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Recognizing Multiple-Year Giving Society Donors

Inviting Guests to the Point of Entry

Q: We are working on our recognition plan for our Multiple-Year Giving Society Donors. What are your thoughts on giving thank-you gifts or offering benefits for each level?

Katherine in Colorado

A: We do not recommend any type of premium or special benefits for membership. You want to focus your thanking and cultivation of these donors on mission-focused activities. When someone joins your giving society newly, it would be appropriate for them to receive a small token of appreciation that highlights the impact of their gift. For example, a framed picture of a piece of land they helped to protect, or the hand print of a child with the words “thank you” written in a child’s handwriting.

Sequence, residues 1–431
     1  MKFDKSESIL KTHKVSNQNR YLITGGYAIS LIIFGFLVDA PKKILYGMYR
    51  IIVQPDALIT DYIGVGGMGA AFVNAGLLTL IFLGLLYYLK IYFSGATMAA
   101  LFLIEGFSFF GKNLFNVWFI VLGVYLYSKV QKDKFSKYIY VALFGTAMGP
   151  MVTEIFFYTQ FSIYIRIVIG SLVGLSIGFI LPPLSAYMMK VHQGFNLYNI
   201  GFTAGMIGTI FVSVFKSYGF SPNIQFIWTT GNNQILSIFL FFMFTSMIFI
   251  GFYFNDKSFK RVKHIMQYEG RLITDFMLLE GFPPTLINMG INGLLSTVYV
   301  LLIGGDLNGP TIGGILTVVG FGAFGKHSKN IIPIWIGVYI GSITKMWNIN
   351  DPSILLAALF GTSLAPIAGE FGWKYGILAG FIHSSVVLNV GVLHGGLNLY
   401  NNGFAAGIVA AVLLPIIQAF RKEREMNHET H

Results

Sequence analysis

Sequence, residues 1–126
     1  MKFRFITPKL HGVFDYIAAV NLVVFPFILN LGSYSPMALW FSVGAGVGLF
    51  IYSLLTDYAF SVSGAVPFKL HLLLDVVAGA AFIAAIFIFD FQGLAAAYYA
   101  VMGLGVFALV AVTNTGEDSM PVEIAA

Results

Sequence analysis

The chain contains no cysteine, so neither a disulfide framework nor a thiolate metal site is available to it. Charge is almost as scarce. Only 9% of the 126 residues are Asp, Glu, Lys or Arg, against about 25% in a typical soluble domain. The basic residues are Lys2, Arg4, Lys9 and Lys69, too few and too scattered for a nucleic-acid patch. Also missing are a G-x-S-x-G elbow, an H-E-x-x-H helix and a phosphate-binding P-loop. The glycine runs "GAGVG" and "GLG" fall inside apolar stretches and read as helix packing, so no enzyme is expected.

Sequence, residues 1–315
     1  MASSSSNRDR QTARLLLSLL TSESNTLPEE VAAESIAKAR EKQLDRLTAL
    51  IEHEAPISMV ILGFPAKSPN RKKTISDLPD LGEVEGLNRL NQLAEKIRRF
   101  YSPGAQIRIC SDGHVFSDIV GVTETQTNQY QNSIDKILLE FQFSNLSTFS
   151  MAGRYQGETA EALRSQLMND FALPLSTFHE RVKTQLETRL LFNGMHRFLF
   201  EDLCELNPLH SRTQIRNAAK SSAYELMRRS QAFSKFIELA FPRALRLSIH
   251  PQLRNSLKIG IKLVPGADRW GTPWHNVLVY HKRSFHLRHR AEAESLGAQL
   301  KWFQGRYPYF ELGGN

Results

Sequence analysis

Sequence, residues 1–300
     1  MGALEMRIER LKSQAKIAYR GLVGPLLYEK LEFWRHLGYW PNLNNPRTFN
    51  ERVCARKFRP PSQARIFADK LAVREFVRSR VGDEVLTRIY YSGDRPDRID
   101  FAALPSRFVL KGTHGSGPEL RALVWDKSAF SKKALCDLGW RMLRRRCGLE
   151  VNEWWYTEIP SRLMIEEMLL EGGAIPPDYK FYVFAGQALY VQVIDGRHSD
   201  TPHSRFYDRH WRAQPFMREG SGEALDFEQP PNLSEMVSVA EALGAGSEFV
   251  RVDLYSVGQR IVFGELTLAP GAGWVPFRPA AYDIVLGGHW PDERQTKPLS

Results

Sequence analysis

These donors are true supporters of your mission and work and would not be looking for perks in return for their support. What they want is to be closer to your mission and to be reminded of the difference they are making with their gift. The best way to do this is to focus your cultivation and thanking of this donor on personal, mission-focused contacts. These can range from phone calls, emails, or face-to-face visits from your organization’s leadership, to Free Feel-Good Cultivation Events, where you will have special ribbons on their name tags indicating that they are a member of your giving society.

You can always ask each donor directly how they would like to be involved or communicated. That is the best way to find out the type of recognition that would be most meaningful to each donor.

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How Many Donors Can One Staff Member Manage?

Dealing with Table Overflow at the Ask Event